Lara Croft and her Tomb Raider games have always been under some degree of scrutiny: whether it was what got her attention in the first place, the quality of her games, or the fact that, to this day, her releases have almost always been up against some stiff competition. From the time her character was conceived, she has always faced some kind of adversity in the mainstream spotlight. With the latest release in the franchise, she has to rise up to, perhaps, her greatest challenge yet: being released in very close proximity to the hype train arrival that is the release of Fallout 4. Love it or hate it, Fallout has been a show stopper and this game has been stopping hearts ever since its formal announcement.
Not So Humble Beginnings
Starting out as a kind of gender flip of Indiana Jones, Lara Croft was one of those weird characters where you could tell many different people were involved in her creation: you could tell some were interested in creating a powerful, influential female, you could see that some were interested in creating sex appeal, you could see that some really had no idea what they were doing. Even one of Lara’s more… stand out features… that being her bust line… was, apparently, a complete mistake that stuck. What resulted was something of a mishmash that sold units regardless and it seems that Lara was one of those characters that started out without a stable foundation but people found value in it so her creators built on it anyway. It was bound to collapse someday and collapse it did.
As games in the franchise released, it was hard to tell if Eidos and the gang were serious about the franchise’s direction as things just seemed… lost, most times, as a lot of novelty franchises were. The reasons the franchise seemed to hold on, though, was due to the fact that Lara as a character stole the show and often shined through some otherwise dull or bland games.
It wasn’t until, in my humble opinion, the Tomb Raider movies were released that the character had totally imploded and started floundering to stay relevant. Angelina Jolie was cast as a stand in for what could have easily been a Chronicle of Riddick sequel that didn’t really wow anyone or do anything but get some people’s hopes up and fail them miserably. Angelina didn’t really bring any personality to the role and proved, once again, that it was very clear that it was sex appeal that was selling this character to the masses and, by proxy, the games she was starring in. I think it was by this point that people started catching on to this and the franchise kind of struggled to stay relevant.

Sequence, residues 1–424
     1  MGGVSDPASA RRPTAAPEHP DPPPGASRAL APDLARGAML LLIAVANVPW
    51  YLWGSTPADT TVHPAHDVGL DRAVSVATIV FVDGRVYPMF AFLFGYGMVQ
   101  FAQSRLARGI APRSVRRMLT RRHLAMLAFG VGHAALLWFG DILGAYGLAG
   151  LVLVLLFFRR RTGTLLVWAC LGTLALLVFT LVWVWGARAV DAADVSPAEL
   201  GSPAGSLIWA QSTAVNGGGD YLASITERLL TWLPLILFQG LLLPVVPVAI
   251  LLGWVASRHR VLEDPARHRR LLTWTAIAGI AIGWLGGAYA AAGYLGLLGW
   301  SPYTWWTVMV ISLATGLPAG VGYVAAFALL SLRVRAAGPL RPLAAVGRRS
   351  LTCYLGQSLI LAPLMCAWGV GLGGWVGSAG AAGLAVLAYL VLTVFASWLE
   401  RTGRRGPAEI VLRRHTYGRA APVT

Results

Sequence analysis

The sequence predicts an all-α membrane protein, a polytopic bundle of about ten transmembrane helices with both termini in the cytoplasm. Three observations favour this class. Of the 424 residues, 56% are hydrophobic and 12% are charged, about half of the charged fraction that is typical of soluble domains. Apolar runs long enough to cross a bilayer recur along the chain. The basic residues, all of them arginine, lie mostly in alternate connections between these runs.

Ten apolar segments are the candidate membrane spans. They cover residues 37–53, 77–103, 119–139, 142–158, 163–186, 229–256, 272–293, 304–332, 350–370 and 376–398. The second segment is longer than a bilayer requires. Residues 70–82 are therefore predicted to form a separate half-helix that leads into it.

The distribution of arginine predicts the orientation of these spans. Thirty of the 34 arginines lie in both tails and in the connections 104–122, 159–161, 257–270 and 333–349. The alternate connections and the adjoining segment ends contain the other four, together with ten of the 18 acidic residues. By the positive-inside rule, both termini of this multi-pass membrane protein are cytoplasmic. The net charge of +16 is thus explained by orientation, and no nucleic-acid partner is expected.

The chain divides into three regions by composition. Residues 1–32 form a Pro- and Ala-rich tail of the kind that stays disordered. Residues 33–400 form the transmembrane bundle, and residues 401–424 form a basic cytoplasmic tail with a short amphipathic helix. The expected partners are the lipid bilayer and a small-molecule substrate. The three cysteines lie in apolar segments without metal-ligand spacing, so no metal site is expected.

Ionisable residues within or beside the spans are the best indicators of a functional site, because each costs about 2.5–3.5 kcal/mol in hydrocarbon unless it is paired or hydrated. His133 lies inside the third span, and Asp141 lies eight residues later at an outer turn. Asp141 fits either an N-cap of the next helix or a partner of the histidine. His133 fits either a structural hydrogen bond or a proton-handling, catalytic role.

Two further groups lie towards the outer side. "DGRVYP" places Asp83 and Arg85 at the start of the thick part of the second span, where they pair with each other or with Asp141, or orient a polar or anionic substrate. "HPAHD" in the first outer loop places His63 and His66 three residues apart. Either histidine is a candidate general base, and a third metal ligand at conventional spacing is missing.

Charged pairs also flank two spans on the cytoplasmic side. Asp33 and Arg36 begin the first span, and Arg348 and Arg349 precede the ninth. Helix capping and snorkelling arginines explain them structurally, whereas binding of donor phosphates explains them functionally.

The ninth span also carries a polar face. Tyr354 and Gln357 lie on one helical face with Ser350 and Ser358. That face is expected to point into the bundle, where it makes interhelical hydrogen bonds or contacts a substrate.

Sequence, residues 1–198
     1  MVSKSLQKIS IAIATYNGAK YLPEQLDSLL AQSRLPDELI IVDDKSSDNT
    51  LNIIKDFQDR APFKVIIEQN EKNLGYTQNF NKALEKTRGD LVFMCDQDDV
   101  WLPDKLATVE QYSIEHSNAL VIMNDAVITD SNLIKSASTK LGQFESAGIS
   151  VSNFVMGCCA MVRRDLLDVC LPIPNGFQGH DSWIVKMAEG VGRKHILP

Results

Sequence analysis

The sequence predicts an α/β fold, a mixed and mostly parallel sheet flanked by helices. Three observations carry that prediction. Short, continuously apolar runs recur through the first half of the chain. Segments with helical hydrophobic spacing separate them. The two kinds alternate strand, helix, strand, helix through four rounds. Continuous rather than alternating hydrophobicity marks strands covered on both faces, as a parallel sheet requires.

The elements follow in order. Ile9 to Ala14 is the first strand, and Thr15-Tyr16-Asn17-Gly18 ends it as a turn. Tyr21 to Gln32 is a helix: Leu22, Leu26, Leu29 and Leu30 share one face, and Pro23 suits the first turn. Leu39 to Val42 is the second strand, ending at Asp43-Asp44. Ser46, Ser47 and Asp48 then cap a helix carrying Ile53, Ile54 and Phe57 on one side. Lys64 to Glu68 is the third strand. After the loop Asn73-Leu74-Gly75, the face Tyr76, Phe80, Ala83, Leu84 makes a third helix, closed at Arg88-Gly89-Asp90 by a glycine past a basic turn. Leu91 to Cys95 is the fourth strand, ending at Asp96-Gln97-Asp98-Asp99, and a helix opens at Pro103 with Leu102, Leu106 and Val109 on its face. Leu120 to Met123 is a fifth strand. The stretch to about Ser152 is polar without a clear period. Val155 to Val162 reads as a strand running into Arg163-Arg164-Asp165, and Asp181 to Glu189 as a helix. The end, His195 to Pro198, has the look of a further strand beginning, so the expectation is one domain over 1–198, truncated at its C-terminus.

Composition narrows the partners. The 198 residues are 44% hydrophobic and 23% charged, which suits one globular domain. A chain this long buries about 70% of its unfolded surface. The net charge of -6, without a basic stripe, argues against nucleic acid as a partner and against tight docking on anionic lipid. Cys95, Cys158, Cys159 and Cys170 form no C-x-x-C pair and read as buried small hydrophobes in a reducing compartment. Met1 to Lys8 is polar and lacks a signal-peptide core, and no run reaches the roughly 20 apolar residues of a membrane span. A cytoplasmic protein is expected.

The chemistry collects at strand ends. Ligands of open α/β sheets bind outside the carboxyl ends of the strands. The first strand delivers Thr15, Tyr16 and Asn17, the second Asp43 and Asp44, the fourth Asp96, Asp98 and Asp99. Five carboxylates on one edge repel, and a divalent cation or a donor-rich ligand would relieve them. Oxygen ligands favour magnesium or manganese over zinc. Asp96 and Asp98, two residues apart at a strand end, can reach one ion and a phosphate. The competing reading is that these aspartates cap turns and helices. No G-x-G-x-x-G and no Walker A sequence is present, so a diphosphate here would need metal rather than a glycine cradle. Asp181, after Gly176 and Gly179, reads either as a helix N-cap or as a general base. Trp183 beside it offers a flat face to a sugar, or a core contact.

Redefining the Tomb Raider
For a while, the effort was made to redefine the character but it wasn’t until the complete reboot of the character and the franchise in 2013 that Lara and the franchise got the attention it deserved: finally, Lara Croft was this character you could easily relate to, with a great game built around her, that respected not only the intentions for the franchise’s roots and the players who have been along for the ride but also respect for what they intended in the first place. 2013’s Tomb Raider was met with great success and players were treated to a lot more than an insufferable platformer with broken combat and needlessly difficult puzzles: we were treated to a fleshed out character with a great story that set the stage for awesome combat and platforming segments. It felt way more real than anything the franchise has ever seen.
Fast forward to Rise of the Tomb Raider and the hype has already built up a little pending the game’s announcement: will it live up to the last game? Will it build on that game’s success and revive this franchise into something way better than it ever was? Things were looking very good until Fallout 4 was also announced as being released extremely close in proximity to it. While they were very different games in spirit, many feared that Fallout‘s hype alone would overshadow the release of Rise of the Tomb Raider. They were completely wrong.
You see, Tomb Raider has almost entirely been fighting to be taken seriously: Lara’s chest was too big, her clothes were too revealing, her personality was shallow and sassy, her games were shallow and uninspired, she’d always controlled clunky and looked fairly awful, among other criticisms the games have always faced. By proxy, Lara faced these consequences, too, and in seeing her become this powerful, empathetic, and inspiring character that she is today explains exactly why I think a lot of people who were interested in Rise of the Tomb Raider didn’t let Fallout overshadow her. Lara had always been in a world of her own and now she was finally making it.
Under enough pressure, even coal can become a diamond: Tomb Raider is no different from this and it’s great to see that she’s able to stand with one of the most hyped releases in recent memory for more factors than her sizeable assets.